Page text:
Wednesday, June 5, 2013
Hong Kong remembers, because China cannot
Without fail, more than 100,000 of Hong Kongers held a candlelight vigil for the hundreds reportedly killed by their own military in the Tiananmen Square crackdown of June 4, 1989 -- doing what nobody is allowed to do on the other side of the border.
This year's 6/4 news veered from the ridiculous (like online censors going into overdrive to ban the Giant Rubber Ducky) to the ominous (the fact that the death of one of the masterminds of the crackdown was announced on the same day as the anniversary.)
The best blogger coverage I'd seen was from Hong Wrong, who took has great photos, like the one on the very top.
The best mainstream media coverage has been from the South China Morning Post, which dedicated a special page to the memorial with about a dozen stories, plus lots of photos, updates and commentary. The New York Times story, which includes quotes with mainland visitors at the memorial, is here.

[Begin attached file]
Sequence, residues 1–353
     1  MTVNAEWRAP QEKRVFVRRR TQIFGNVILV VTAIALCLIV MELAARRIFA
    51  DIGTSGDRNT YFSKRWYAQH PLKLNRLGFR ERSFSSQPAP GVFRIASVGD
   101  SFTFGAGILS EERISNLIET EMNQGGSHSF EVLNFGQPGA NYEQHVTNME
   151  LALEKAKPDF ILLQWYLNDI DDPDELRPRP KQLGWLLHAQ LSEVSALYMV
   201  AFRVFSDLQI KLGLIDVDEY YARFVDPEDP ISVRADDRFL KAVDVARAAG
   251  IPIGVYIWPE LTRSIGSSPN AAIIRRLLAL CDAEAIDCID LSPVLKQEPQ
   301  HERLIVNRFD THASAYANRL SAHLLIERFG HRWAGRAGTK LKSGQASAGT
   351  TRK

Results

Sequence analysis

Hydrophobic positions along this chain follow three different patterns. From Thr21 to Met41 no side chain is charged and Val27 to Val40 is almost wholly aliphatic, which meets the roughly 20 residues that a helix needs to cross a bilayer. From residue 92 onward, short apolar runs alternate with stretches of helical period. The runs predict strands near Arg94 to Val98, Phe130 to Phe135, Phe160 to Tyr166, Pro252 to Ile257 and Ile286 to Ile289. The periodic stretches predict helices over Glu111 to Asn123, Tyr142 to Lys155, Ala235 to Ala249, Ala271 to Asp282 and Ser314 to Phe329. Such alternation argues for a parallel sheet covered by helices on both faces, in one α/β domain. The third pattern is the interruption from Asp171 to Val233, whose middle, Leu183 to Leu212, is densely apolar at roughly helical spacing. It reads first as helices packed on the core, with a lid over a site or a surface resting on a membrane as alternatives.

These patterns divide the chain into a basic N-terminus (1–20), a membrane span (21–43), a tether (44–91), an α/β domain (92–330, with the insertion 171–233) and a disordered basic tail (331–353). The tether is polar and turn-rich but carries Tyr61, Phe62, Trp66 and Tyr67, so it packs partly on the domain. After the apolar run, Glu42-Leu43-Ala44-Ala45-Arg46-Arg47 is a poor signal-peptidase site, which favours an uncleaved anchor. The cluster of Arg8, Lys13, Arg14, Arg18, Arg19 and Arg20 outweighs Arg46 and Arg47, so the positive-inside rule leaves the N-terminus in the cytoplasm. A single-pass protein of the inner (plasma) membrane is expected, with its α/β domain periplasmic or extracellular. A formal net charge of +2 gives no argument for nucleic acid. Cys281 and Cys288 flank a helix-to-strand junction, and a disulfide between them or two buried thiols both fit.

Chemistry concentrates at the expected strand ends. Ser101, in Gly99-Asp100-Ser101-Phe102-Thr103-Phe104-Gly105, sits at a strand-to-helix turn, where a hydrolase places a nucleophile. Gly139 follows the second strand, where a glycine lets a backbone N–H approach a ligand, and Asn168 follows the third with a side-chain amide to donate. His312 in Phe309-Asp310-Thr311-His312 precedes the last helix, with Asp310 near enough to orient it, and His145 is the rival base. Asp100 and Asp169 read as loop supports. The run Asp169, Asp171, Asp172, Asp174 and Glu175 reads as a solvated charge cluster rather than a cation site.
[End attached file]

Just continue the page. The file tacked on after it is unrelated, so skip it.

After all these years, I don't know what to say, except that an entire generation has gone by -- children have been born, raised and become adults since 1989 -- and Beijing still won't let people talk about it or memorialize it, regardless of what their viewpoints or opinions are.
And while we all have our Hong Kong gripes, at least once a year, we are reminded that this is a city with a long memory and a big heart.